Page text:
Over the weekend, the story of a transgender woman in Idaho whose family had buried as a man lit up social media.
LGBT legal advocates say there continues to be a gap in how end-of-life issues are handled, even for people who have legally changed their gender.
The election is over, but not the political fundraising. Washington state lawmakers are racing the clock to replenish their coffers before the freeze.
The freeze that hits on Dec. 13 isn't the plummeting temperatures kind; it's a freeze on campaign fundraising.
KPLU's Community Advisory Council will be meeting on Wednesday, Dec. 10 at 10 a.m. PST.
If you are interested in attending as a member of the listening community, please contact the general manager's office at (253) 535-8732 for more information.
Healthfulness isn't typically a well-intended food donor's top concern, says hunger advocate Ruth Solari.
RENEE MONTAGNE, HOST:
Defense Secretary Chuck Hagel is stepping down.
You know what I'm talking about. You're back with relatives you haven't seen in years, and the conversation takes a frightening turn towards politics, religion or worse, your love life.
You need help. You have to switch to a newsy, but neutral topic.
Tomorrow is the opening of the 18th summit meeting of the South Asian Association for Regional Cooperation. Seven regional heads of state, whose countries are home to large numbers of the world's poorest and hungriest people, are arriving in the city for two days of talks to explore greater trade and political cooperation within the region.
NPR's Emily Harris is reporting on the measure, which must still be approved by Israel's Parliament.
Until now, the two leading candidates for a vaccine to protect against the Ebola virus were being led by global pharmaceutical giant GlaxoSmithKline on the one hand, and a tiny company in Ames, Iowa, that was virtually unknown, on the other.
Today, the David in that scenario, NewLink Genetics, said it has made a deal with drugmaker Merck, to research, develop, manufacture and distribute the experimental Ebola vaccine.
Carolyn Ohl-Johnson found a home — and a way of life — near Big Bend National Park.
BirdNote contributor Alex Chadwick visited Carolyn at the desert oasis she created for birds such as this Magnificent Hummingbird. But her accomplishment has required tremendous sacrifice. “I haven’t seen my great grandkids since they were babies,” she admits.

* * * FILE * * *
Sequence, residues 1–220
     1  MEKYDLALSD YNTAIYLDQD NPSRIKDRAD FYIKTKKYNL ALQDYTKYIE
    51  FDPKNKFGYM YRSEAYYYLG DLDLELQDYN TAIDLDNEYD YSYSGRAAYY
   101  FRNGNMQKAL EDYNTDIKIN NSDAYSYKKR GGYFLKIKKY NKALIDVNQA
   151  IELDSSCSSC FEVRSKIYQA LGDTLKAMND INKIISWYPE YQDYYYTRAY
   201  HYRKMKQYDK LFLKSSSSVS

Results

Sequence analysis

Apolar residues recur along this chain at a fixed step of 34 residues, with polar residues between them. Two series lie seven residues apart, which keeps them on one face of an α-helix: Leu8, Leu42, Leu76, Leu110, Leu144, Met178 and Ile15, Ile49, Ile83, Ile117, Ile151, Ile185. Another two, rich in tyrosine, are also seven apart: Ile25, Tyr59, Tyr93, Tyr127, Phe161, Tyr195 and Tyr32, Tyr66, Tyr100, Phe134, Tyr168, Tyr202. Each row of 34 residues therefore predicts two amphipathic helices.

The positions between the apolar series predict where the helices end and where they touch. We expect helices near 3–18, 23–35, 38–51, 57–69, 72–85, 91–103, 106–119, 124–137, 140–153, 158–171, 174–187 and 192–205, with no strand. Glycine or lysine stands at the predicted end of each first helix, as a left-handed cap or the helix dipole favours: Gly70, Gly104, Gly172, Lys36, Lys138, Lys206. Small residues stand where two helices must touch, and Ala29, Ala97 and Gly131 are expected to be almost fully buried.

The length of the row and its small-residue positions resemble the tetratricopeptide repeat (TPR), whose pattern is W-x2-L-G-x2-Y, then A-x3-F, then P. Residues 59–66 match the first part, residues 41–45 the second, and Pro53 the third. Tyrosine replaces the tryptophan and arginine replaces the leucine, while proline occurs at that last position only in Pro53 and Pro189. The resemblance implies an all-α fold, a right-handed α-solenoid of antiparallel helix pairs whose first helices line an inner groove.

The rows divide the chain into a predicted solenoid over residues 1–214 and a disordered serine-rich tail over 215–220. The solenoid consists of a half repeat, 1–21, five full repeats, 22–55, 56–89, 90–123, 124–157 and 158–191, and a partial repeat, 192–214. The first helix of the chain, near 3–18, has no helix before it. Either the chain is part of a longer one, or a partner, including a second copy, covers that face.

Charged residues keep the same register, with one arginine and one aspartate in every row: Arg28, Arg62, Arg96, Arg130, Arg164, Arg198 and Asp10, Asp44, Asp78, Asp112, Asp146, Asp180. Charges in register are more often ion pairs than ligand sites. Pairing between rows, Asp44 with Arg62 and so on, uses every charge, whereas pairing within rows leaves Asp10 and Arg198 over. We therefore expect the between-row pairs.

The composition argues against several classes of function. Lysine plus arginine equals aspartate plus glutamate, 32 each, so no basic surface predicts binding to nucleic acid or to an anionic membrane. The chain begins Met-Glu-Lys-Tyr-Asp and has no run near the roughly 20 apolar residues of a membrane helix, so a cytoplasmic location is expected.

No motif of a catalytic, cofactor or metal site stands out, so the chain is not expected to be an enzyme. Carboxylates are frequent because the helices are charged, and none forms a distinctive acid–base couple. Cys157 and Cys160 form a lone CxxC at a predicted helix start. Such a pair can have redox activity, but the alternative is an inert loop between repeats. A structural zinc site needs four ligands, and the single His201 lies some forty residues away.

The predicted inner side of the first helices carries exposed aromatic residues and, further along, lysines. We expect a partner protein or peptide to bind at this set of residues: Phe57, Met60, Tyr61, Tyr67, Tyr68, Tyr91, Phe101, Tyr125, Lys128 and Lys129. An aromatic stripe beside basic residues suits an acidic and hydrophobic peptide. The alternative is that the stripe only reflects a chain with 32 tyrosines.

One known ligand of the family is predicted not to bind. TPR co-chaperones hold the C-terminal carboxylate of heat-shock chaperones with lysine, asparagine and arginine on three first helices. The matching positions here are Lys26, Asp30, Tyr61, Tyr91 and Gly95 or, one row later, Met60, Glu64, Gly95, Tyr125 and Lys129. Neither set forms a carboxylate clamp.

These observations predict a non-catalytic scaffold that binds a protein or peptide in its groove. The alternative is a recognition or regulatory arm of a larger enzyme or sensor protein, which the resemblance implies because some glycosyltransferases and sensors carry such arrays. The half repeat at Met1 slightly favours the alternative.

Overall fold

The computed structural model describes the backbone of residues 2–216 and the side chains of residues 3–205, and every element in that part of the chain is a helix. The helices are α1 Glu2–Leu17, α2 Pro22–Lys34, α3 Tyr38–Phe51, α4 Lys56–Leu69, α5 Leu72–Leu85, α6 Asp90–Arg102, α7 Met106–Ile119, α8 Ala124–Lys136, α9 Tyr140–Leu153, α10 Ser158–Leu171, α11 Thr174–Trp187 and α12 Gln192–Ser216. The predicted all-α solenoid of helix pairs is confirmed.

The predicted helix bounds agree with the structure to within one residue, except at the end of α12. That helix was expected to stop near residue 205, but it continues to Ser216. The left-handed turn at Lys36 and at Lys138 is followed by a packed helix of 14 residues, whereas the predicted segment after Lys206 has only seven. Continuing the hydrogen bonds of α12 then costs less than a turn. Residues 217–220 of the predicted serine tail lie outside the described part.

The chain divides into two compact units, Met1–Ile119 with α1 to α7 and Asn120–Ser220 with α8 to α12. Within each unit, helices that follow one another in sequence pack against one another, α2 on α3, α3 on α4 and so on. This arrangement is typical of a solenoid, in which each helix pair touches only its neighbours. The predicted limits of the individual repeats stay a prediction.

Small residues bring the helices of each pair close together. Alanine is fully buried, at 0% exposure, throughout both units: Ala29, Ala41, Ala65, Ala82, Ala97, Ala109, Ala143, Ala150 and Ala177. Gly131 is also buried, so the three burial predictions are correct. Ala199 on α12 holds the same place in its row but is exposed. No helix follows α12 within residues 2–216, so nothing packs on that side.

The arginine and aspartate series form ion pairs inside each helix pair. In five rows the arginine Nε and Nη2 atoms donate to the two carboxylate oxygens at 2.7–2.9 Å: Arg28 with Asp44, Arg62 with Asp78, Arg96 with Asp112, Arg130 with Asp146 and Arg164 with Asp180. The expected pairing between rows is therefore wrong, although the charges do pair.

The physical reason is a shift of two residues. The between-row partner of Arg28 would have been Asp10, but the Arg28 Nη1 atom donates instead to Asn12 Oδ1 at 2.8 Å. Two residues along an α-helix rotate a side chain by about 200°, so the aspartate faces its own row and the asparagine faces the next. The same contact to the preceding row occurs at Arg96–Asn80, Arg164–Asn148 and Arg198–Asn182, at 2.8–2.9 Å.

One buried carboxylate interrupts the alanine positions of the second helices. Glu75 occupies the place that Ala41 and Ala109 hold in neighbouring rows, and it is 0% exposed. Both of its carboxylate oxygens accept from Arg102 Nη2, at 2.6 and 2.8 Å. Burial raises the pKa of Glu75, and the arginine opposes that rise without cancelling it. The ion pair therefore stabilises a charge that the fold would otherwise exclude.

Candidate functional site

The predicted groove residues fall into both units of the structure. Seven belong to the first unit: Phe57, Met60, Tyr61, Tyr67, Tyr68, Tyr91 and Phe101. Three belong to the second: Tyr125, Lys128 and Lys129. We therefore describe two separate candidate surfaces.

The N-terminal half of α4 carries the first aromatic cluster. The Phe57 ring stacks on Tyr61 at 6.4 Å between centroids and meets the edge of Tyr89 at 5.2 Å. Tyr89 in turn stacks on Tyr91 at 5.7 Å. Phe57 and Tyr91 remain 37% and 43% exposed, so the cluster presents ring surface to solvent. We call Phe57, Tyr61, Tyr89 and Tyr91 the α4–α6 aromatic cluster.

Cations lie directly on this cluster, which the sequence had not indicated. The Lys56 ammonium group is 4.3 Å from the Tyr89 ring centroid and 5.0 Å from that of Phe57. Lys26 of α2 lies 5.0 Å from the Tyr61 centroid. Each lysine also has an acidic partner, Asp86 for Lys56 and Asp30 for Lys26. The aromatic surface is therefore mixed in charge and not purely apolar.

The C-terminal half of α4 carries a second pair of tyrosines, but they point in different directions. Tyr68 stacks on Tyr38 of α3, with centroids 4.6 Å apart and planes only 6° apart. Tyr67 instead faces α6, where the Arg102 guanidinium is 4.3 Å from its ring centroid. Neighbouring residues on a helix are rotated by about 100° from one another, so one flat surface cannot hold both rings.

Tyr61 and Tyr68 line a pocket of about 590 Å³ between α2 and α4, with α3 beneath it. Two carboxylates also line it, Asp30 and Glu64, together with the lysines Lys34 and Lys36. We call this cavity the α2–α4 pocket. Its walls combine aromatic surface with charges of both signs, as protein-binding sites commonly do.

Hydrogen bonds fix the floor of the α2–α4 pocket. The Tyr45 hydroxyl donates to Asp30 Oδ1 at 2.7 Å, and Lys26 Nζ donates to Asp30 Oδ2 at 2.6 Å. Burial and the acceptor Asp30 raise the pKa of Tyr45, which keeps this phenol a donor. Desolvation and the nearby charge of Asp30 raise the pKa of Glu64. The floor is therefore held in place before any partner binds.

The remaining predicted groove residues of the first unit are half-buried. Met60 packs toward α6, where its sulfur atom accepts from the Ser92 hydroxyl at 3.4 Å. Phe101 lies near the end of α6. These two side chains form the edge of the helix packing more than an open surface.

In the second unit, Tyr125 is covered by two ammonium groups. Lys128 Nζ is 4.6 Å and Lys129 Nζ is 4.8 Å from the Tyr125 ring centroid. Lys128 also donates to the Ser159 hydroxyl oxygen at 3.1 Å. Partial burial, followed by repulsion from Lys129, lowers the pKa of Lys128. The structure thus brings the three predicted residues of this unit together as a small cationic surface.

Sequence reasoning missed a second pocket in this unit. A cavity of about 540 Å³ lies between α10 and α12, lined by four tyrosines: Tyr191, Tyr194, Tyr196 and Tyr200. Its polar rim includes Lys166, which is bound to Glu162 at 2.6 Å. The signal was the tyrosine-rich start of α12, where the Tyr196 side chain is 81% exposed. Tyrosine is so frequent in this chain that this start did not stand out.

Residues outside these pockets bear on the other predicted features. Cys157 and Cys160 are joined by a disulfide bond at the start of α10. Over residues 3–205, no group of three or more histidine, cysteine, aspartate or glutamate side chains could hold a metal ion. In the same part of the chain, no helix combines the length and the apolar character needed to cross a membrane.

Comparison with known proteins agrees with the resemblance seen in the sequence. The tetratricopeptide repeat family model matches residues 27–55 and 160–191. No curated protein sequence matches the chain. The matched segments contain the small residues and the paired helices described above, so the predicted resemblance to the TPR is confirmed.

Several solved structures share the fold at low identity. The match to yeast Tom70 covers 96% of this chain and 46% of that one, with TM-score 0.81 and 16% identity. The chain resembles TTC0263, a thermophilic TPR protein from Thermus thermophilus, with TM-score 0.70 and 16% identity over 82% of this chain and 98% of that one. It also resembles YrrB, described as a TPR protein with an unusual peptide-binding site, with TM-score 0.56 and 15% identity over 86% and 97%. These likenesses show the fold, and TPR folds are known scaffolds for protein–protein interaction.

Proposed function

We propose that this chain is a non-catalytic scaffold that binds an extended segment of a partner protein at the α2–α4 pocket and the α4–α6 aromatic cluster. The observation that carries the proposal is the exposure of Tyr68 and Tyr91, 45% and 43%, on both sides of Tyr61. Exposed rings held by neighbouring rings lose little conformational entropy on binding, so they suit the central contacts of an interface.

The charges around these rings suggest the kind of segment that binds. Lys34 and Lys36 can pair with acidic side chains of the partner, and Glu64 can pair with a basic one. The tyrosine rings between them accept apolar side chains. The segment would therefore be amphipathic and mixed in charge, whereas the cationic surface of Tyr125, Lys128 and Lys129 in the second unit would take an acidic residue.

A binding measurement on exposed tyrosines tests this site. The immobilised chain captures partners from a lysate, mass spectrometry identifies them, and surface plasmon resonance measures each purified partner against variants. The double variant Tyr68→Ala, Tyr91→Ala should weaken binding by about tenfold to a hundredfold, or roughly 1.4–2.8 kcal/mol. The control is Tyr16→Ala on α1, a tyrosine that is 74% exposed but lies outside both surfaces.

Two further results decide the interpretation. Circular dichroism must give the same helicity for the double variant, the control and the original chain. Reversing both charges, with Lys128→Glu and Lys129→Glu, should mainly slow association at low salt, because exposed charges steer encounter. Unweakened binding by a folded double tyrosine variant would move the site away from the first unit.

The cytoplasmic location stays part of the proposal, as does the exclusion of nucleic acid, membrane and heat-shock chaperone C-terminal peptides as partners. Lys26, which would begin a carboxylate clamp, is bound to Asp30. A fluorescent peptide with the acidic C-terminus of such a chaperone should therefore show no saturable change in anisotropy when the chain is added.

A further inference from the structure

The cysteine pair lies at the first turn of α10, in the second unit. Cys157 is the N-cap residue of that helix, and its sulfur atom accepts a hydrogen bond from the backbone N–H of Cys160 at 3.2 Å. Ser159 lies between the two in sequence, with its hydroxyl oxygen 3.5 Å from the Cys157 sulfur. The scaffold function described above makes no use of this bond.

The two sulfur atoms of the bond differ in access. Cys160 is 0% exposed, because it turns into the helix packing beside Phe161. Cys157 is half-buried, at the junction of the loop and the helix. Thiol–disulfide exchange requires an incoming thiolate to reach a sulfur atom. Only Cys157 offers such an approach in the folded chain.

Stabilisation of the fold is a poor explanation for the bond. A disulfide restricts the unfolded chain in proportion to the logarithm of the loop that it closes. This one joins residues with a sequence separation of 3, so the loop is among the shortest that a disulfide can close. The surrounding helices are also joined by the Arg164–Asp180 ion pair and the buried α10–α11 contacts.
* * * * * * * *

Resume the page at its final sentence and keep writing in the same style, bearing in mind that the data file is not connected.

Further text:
We first met at a coffee shop last August. I was looking for a cool place to file a story about the protests over the death of an unarmed black 18-year-old at the hands of a white police officer; he was taking a break from the chaos. We shared a table and ended up chatting.
Pastor Meese was exhausted, that much was obvious. He had been down at the protests until late at night helping keep the peace. He was also frustrated.
For the past year, Western powers and Tehran have been trying to hammer out a deal that would curb Iran's nuclear program in exchange for an easing of sanctions.
Reporting from Vienna, NPR's Peter Kenyon tells us that the length of the extension is still unclear, but it could be anywhere from three to eight months.
Reuters quotes Britain's Foreign Secretary Philip Hammond as saying the talks have been extended into the summer of 2015.
Seattle City Light is moving forward with plans to upgrade residential electrical meters with advanced technology, often called “smart metering.”
Images of the American West line the walls of a brand new addition to the Tacoma Art Museum. The collection, a gift from a German family with ties to the Northwest, is a once-in-a-lifetime acquisition that is raising the museum’s profile.
In Washington, there are almost 9,000 children in foster care. About a quarter of them are eligible for adoption.
I visited the King County courthouse to meet a family as they welcomed their foster daughter into their home — permanently.
The Cleveland Plain Dealer reports that Cleveland police's Use of Deadly Force Investigation Team is combing through the evidence, trying to figure out if police acted appropriately.
Immigration was different — the issue where business leaders decided to ally with Latino community groups and labor unions.
Lance Cpl. Jasmine Abrego is an office clerk who dreams of becoming a warrior.
She's flat on her stomach in the dirt, in full combat gear. Suddenly she pops up, slings a 44-pound metal tripod on her back and lurches forward in a crab-like run. Finally, she slams the tripod to the ground.